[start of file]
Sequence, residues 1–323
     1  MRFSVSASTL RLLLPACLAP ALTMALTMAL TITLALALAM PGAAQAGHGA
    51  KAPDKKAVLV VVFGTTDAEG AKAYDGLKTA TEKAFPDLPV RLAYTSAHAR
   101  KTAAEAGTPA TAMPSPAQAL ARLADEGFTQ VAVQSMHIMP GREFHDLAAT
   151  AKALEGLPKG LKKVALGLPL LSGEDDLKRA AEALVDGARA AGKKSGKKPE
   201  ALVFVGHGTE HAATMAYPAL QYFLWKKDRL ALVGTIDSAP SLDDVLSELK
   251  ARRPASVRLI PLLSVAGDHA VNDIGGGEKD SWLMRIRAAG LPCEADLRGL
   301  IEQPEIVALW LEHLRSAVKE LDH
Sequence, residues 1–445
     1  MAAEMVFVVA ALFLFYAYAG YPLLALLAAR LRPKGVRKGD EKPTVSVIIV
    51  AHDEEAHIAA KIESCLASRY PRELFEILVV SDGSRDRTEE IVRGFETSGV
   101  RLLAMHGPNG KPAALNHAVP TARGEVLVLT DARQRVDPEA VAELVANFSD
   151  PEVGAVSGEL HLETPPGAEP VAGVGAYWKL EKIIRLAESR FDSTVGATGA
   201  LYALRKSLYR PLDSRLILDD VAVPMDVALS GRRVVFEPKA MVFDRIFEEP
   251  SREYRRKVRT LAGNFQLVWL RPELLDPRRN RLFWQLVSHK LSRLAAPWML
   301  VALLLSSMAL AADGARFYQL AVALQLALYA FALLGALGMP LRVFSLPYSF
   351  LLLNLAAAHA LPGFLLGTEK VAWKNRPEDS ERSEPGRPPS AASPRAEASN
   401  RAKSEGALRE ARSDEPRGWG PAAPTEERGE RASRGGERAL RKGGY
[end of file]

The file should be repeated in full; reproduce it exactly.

Sequence, residues 1–323
     1  MRFSVSASTL RLLLPACLAP ALTMALTMAL TITLALALAM PGAAQAGHGA
    51  KAPDKKAVLV VVFGTTDAEG AKAYDGLKTA TEKAFPDLPV RLAYTSAHAR
   101  KTAAEAGTPA TAMPSPAQAL ARLADEGFTQ VAVQSMHIMP GREFHDLAAT
   151  AKALEGLPKG LKKVALGLPL LSGEDDLKRA AEALVDGARA AGKKSGKKPE
   201  ALVFVGHGTE HAATMAYPAL QYFLWKKDRL ALVGTIDSAP SLDDVLSELK
   251  ARRPASVRLI PLLSVAGDHA VNDIGGGEKD SWLMRIRAAG LPCEADLRGL
   301  IEQPEIVALW LEHLRSAVKE LDH
Sequence, residues 1–445
     1  MAAEMVFVVA ALFLFYAYAG YPLLALLAAR LRPKGVRKGD EKPTVSVIIV
    51  AHDEEAHIAA KIESCLASRY PRELFEILVV SDGSRDRTEE IVRGFETSGV
   101  RLLAMHGPNG KPAALNHAVP TARGEVLVLT DARQRVDPEA VAELVANFSD
   151  PEVGAVSGEL HLETPPGAEP VAGVGAYWKL EKIIRLAESR FDSTVGATGA
   201  LYALRKSLYR PLDSRLILDD VAVPMDVALS GRRVVFEPKA MVFDRIFEEP
   251  SREYRRKVRT LAGNFQLVWL RPELLDPRRN RLFWQLVSHK LSRLAAPWML
   301  VALLLSSMAL AADGARFYQL AVALQLALYA FALLGALGMP LRVFSLPYSF
   351  LLLNLAAAHA LPGFLLGTEK VAWKNRPEDS ERSEPGRPPS AASPRAEASN
   401  RAKSEGALRE ARSDEPRGWG PAAPTEERGE RASRGGERAL RKGGY